A team of engineers at UCLA has developed a new 3D printing technology and design strategy that allows building robots in one step.
The new study, which shows how robots can be built and walk, maneuver, and jump in Sciences.
Advanced 3D printing process
The new technology involves a 3D printing process of active materials designed with multiple functions, or “supermaterials.” It enables the manufacturing of the entire mechanical and electronic systems required to operate the robot simultaneously. After a 3D printed “meta-bot”, it can carry out movement, propulsion, sensing and decision-making.
Printed materials consist of an internal network of sensory, moving and structural elements that move on their own after being programmed. Since this internal network is lumped together in one place, all that is left is to produce one external component – the small battery to power the robot.
Xiaoyu (Rayne) Zheng is the study’s principal investigator and associate professor of civil and environmental engineering, as well as mechanical engineering and aerospace engineering at UCLA’s Samueli School of Engineering.
“We envision that this design and printing methodology for intelligent robotic materials will help achieve a class of autonomous materials that can replace the current complex assembly process for making a robot,” Cheng said. “With complex movements, multiple sensing modes and programmable decision-making capabilities all tightly integrated, it is like a biological system in which nerves, bones, and tendons work in tandem to carry out controlled movements.”
The team combined an onboard battery and controller to make fully autonomous 3D-printed robots. Each of the robots is the size of a fingernail, and according to Zheng, this new method could lead to new designs of biomedical robots. One such biomedical robot could be a swimming robot that navigates autonomously near blood vessels to deliver drugs at target sites in the body.
Another application of 3D-printed robots is to send them into hazardous environments, such as a collapsed building, where a swarm of them can get into tight spaces. These meta-bots can then assess threat levels and assist in rescue efforts.
This is a major breakthrough in robotics since most current robots require a series of complex manufacturing steps to build them. This process results in heavier, bulkier, and weaker robots.
To develop the new method, the team relied on a class of complex lattice materials that change shape and direction in response to an electric field. They can also form an electric charge as a result of physical forces.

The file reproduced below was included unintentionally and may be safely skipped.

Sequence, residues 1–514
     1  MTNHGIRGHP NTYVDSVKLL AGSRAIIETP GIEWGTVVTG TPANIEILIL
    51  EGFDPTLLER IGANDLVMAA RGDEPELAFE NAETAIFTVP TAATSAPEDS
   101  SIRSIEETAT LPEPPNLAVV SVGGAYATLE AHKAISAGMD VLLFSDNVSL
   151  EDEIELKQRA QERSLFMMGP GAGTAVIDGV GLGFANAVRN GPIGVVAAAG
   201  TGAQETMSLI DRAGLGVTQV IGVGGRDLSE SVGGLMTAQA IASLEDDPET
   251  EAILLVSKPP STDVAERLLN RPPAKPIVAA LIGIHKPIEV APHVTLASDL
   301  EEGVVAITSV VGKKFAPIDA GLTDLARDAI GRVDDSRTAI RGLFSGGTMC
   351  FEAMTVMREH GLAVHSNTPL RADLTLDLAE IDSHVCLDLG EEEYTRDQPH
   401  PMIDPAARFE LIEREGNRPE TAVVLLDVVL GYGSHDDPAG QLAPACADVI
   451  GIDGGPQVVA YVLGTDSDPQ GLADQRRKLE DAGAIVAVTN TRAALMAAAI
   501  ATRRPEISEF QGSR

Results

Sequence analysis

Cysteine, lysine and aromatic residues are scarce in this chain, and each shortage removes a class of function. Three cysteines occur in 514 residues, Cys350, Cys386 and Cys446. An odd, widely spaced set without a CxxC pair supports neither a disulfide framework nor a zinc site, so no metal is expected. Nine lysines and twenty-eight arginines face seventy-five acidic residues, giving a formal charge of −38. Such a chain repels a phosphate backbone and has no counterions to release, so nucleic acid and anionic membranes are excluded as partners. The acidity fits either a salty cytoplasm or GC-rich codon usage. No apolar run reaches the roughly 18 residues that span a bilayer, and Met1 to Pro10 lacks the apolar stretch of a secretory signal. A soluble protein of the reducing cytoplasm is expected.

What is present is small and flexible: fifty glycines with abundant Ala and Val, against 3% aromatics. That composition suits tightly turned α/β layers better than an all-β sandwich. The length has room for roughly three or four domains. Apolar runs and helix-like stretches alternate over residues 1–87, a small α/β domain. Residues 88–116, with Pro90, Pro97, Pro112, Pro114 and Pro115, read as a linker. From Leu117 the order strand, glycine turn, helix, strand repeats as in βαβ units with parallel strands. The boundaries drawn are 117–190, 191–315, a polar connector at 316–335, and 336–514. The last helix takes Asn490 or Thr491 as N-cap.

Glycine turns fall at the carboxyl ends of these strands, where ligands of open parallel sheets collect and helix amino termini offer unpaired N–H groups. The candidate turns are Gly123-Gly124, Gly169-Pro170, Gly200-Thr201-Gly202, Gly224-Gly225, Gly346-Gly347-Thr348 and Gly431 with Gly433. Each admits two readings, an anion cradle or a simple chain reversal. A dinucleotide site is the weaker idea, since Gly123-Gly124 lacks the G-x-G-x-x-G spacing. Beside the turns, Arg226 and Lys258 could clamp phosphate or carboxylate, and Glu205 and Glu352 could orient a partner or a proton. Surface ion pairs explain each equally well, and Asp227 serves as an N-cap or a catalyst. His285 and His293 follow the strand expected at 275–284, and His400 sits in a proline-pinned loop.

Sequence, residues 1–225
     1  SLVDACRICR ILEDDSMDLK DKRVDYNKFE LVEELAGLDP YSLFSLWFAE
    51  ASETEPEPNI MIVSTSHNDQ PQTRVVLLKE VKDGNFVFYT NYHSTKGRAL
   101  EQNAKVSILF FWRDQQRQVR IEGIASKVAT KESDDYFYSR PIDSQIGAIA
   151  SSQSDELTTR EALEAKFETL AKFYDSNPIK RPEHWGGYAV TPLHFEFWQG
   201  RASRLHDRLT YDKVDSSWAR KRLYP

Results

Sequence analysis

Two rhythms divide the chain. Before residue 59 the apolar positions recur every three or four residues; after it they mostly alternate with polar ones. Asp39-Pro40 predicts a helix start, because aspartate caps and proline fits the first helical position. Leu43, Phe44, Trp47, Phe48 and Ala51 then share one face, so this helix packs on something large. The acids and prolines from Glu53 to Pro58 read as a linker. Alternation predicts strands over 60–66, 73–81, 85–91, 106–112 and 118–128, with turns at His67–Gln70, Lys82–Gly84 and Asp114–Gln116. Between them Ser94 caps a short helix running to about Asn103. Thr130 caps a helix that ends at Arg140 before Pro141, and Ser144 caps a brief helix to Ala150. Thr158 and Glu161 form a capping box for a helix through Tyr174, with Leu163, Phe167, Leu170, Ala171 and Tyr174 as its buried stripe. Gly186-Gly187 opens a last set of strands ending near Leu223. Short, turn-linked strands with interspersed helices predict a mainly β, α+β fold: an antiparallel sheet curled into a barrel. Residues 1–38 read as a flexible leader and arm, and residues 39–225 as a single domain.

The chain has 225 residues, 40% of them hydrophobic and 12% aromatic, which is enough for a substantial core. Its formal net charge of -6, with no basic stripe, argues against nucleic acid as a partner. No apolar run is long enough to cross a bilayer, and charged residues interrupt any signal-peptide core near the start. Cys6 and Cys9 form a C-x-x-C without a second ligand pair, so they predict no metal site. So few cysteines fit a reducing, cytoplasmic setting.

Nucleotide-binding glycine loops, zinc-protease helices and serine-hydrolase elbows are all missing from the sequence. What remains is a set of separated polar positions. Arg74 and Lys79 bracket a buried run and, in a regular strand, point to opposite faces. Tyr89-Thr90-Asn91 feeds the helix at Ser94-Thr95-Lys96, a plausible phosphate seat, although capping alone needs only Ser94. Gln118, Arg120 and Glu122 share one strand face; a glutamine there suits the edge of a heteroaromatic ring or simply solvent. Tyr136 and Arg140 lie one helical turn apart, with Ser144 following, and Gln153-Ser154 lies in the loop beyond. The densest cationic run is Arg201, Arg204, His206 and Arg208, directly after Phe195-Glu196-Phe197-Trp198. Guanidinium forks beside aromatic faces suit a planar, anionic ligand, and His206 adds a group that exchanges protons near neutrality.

Development of new robotic materials
The robotic materials the team developed are just the size of a penny and consist of structural elements that help them bend, twist, stretch, contract or rotate at high speeds.
On top of all this, the team has released a methodology that can be used to design robotic materials, allowing users to create their own models.
Hauchen Cui is the study’s lead author and a UCLA postdoctoral scientist in the Zheng Laboratory of Fabrication and Metamaterials.
“This allows actuation elements to be precisely arranged throughout the robot for fast, complex, extended movements over different types of terrain,” Coy said. “Through the bidirectional piezoelectric effect, robotic materials can also sense intrinsic torsions, detect obstructions via echo and ultrasonic emissions, as well as respond to external stimuli through a feedback control loop that determines how the robots move, and how fast they are moving toward the target they are moving toward. are moving.”
The team used the method to build three different identification bots to demonstrate different capabilities:
- Meta-bot that moves around corners in an S shape and is randomly placed in obstacles
- Meta-bot can escape in response to a contact’s influence
- Meta-bot that walks over rough terrain and makes small jumps
This new 3D printing technology will play a major role in robotics, helping to make building such robots more efficient.
This fascinating paper also included authors Desheng Yao, Ryan Hensleigh, Zhenpeng Xu, and Haotian Lu, who are both graduate students. Ariel Calderon, Postdoctoral Scientist; Zhen Wang, Development Engineering Assistant; Shida Davaria, research associate at Virginia Tech; Patrick Mercier, Associate Professor of Electrical and Computer Engineering at the University of California, San Diego; and Pablo Tarazzaga, professor of mechanical engineering at Texas A&M University.